Adding Signatures to Apple's Mail.app - a brief look

Submitted by Sam Moore on Tue, 03/16/2010 - 16:04

A client asked me how to create a rich email signature that would be viewable by all recipients, no matter what. In particular, he wants his logo, complete with contact info, to show up and look as good as possible. Great idea - having invested in getting a nice logo done, you'll want to put it in front of your readers as often as you can.

Well, that turns out to be a tall order - some email readers can't read HTML email, for example, and some have HTML mail turned off by default (I'm told the new Blackberry client falls into this latter category).

So, given that we need to create something that works most of the time, and doesn't look completely foolish the rest of the time, I've suggested that we compromise by putting his contact information in text, and leave just the graphic part of the logo as an image.

That way, if the image disappears and the text loses its styling, at least the reader will have the basic info available.

Mail.app

This particular client uses Apple's Mail.app to send and receive mail (as do I these days, after a long romance with Eudora, a troubled relationship with Entourage, and flings with other more or less broken readers).
Given the sparsity of Apple's help files on this, I've hacked up a short instruction set with some screen shots, below. Many of these instructions will also work for, say, Entourage, though the details will differ a little.

I've started by assuming we have Mail already set up, with some existing accounts.

Creating a new Signature

Our first step is to go to Mail's Preferences, and find the tab for "Signatures".
ScreenSnapz_signatures.png

You have the option to select a particular account for this signature, or select "All Accounts" to see all your signatures (you can add the new on e to particular accounts later). Adding a signature to an account makes it available when you're composing mail.
ScreenSnapz_signatures2.png
At the bottom of the second column (see above), click the little "+" to add a new signature. It'll be called "Signature#x" by default - we'll want to change it to something more meaningful, so that when it shows up in popup lists we'll know which one it is.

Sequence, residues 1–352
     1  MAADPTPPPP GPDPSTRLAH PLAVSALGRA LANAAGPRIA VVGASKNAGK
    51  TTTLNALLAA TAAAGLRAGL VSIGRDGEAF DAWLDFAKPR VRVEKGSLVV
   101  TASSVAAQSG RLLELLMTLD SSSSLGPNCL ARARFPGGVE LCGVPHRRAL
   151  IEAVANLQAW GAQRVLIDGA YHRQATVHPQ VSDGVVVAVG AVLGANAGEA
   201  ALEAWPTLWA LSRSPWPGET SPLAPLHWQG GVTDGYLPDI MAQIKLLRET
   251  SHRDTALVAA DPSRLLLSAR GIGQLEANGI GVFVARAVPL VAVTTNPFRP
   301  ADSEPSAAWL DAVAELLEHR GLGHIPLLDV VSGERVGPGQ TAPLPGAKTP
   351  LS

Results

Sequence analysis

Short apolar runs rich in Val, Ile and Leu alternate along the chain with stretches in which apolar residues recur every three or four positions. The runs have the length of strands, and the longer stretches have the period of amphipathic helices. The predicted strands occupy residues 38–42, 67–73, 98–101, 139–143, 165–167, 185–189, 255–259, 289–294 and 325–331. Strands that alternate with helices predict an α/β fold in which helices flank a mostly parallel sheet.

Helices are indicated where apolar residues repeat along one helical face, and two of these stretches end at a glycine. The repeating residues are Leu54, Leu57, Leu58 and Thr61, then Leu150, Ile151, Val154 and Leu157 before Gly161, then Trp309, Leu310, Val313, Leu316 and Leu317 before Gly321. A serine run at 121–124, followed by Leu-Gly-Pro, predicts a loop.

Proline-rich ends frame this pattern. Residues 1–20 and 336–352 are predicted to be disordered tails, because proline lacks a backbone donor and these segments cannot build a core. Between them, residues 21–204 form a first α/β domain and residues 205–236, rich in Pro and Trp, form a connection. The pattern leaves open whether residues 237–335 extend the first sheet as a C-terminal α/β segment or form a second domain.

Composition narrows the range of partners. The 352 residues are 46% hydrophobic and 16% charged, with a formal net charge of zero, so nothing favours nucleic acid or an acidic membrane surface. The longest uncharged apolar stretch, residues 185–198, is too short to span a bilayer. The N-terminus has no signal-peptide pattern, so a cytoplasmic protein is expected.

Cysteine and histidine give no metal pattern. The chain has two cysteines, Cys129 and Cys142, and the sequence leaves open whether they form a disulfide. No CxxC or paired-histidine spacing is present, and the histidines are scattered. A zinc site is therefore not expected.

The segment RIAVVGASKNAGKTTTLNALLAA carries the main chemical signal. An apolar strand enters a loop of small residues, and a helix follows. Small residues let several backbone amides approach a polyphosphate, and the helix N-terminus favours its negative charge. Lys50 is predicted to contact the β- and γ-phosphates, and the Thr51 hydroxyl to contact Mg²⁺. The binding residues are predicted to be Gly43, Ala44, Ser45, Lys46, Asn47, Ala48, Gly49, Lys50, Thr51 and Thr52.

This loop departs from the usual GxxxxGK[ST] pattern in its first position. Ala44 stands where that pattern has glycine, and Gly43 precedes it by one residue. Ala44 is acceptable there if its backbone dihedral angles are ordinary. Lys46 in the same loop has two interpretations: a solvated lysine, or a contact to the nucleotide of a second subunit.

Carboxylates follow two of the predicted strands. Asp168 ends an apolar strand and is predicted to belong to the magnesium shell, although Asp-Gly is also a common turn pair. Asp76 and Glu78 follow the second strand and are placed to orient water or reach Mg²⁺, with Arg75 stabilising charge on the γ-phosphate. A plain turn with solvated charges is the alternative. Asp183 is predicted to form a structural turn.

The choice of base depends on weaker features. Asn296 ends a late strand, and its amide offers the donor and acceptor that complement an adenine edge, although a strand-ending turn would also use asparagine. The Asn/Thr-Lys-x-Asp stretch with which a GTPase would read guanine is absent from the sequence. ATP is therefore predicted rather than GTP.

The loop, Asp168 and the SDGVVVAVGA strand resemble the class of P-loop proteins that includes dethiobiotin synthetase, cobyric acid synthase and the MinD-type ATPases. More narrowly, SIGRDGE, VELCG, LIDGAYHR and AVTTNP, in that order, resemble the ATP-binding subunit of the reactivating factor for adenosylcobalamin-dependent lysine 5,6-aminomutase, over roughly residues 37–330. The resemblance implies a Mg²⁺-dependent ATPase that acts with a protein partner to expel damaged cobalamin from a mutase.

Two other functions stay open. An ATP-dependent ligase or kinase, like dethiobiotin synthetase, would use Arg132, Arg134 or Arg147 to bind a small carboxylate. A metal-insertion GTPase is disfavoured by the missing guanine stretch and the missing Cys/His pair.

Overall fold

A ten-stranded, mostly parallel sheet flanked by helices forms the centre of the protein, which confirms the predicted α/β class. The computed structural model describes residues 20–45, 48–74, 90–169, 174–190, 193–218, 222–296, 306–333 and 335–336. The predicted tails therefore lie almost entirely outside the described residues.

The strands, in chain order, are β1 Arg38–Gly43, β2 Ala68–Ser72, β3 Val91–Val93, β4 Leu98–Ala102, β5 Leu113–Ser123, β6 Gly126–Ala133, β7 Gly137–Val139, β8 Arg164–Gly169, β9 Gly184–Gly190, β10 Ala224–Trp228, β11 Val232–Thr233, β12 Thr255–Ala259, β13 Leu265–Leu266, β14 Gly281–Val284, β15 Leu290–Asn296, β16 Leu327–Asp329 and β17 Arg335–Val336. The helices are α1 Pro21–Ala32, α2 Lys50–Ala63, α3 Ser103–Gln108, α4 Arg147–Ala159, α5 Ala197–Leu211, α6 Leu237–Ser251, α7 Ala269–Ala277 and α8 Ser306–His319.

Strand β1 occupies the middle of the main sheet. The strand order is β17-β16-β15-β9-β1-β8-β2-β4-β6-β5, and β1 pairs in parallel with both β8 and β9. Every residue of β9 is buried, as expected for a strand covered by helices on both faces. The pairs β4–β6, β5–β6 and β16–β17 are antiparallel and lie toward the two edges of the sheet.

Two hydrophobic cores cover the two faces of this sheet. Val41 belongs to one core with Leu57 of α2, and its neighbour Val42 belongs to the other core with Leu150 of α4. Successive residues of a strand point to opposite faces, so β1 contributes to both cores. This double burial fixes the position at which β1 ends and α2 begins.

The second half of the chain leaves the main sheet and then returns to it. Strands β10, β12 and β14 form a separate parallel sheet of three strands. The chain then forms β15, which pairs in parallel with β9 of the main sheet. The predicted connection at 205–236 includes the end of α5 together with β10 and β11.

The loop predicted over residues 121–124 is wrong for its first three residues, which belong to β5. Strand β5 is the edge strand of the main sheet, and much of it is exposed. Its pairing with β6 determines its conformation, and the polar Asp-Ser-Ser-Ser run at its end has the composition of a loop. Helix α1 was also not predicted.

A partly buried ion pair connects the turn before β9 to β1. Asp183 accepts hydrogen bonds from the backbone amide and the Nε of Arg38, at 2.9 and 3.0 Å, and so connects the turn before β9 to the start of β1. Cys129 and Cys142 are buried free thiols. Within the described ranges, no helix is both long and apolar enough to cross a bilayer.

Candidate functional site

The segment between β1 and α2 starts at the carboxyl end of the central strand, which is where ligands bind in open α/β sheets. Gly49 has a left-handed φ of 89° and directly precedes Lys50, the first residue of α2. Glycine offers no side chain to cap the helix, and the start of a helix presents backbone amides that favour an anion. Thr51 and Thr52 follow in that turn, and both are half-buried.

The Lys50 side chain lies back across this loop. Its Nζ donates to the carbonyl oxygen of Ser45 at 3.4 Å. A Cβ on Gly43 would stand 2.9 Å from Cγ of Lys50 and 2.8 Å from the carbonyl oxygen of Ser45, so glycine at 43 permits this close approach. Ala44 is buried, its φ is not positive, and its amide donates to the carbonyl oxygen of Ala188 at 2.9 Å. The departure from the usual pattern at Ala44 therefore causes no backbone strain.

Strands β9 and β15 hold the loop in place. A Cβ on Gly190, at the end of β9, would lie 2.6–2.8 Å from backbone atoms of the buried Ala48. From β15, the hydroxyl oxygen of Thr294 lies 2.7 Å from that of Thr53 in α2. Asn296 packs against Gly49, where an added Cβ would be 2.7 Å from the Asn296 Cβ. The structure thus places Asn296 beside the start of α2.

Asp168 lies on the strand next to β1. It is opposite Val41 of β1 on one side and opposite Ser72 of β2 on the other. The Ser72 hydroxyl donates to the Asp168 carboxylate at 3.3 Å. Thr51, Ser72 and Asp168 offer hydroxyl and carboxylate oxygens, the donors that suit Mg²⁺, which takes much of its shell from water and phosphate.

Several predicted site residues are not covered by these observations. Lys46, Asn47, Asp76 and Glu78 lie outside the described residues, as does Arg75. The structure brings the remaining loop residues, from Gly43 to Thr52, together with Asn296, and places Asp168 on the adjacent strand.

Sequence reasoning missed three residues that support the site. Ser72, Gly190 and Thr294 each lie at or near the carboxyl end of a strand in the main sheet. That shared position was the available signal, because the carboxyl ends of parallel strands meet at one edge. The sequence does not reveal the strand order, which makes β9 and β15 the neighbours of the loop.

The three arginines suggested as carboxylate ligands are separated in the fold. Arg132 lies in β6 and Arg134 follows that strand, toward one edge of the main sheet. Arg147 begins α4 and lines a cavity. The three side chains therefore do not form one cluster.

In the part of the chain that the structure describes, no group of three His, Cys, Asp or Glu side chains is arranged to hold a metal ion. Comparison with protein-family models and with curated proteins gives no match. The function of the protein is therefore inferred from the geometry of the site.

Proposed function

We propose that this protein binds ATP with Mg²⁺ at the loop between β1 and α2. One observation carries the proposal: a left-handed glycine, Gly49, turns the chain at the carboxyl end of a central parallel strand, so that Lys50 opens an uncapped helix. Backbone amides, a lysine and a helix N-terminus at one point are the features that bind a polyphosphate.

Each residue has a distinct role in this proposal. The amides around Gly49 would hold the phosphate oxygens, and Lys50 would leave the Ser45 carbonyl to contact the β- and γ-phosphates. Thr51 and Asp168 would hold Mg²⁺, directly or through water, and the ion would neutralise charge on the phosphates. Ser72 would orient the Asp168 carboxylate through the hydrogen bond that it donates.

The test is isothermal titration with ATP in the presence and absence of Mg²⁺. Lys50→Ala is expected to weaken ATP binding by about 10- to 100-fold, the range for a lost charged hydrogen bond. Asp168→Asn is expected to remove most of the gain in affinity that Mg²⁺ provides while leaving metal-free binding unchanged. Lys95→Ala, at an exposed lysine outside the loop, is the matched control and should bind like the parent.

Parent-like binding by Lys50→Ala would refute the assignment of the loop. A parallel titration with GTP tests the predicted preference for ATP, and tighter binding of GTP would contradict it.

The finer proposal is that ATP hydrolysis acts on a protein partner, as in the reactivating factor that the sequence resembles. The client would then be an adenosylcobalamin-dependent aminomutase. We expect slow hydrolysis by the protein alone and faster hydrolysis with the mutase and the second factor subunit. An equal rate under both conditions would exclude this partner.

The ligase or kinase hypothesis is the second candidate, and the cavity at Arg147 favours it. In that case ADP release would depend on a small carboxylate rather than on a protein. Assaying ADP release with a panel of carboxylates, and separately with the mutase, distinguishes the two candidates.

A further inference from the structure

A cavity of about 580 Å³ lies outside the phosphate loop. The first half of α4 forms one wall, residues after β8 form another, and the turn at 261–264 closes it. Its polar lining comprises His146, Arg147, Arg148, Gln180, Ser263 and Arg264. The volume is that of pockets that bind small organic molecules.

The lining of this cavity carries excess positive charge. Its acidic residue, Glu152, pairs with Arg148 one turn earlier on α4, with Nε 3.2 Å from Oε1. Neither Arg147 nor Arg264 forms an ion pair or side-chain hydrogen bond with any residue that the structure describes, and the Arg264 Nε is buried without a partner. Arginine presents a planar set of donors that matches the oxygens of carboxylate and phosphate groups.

ScreenSnapz_signatures3.png


Above, I've renamed the signature "MyNewSignature" - not very useful, I'll admit. I've also started typing some information into the box at the right. I've started with my name and email address (the one for this account) - don't assume these will always be easy for your readers to pull out of your emails; some readers may appreciate not having to scroll all the way back to the top of an email to figure out who you are. Since this is plain text, it should appear more or less as shown in all readers.

Adding an image

To insert a logo or picture, just drag it from your desktop.
ScreenSnapz_signatures4.png


Note that all graphics should be in RGB color space. As for file formats, JPEG (.jpg) is the most bullet-proof, though .png is becoming more widely supported.

I recommend using bitmap formats rather than vector formats such as PDF here, because you've already rendered the art into pixels (if you don't understand this, don't worry - just use an RGB JPEG).

It's a good idea to keep both the display size (how big it looks on your screen) and the file size (how many bytes) as small as you can.

ScreenSnapz_signatures5.png

Above, we see one of Mail's little habits - it sometimes displays incoming graphics at the wrong aspect ratio. Just click away to another signature, then back to the new one…

ScreenSnapz_signatures6.png
and this should resolve itself:
ScreenSnapz_signatures8.png

Above, note that I've also typed in a web address (complete with the "http://" part, also known as the protocol specifier).
This will become clickable in most HTML email-friendly environments; your plain-text readers will have to copy and paste this address in order to use it.

Styling text

The text in your signature can be styled just as any text in the body of your email can. These stylings will simply disappear in a plain-text environment (so remember to use other cues such as line breaks for separating content, rather than relying on only, say, italicization).

ScreenSnapz_signatures9.png
To style a passage of text, select the text and go to "Format->Show Fonts" (Cmd-T - above) to bring up the Font palette:
ScreenSnapz_signatures11.png

Here, I've made the text Helvetica Bold Italic. Just as with web pages, its better to pick fonts that are quite common (helvetica, Arial, Times, Lucida) to be sure your readers have them. If they don't have your chosen font, the choice of what to display instead is up to their mail reader, not you.

ScreenSnapz_signatures12.png
In a perfect world, all your readers will see something like this.

Assigning the Signature to an Account

If you've created your signature under the "All Accounts" listing, you'll want to pick particular accounts to make it available to (assuming you have more than one email account - don't we all?)

ScreenSnapz_signatures13.png

To do this, simply drag the signature's name in the middle column over the account's name in the left column. The account name will highlight briefly.

Applying a signature to an email

When composing a new email, just pick your desired signature from the popup list. Only the signatures assigned to that particular email account will appear in the list. This will keep you from using your work email with your personal signatures, and vice versa.
ScreenSnapz_signatures02.png

Done!

Happy emailing.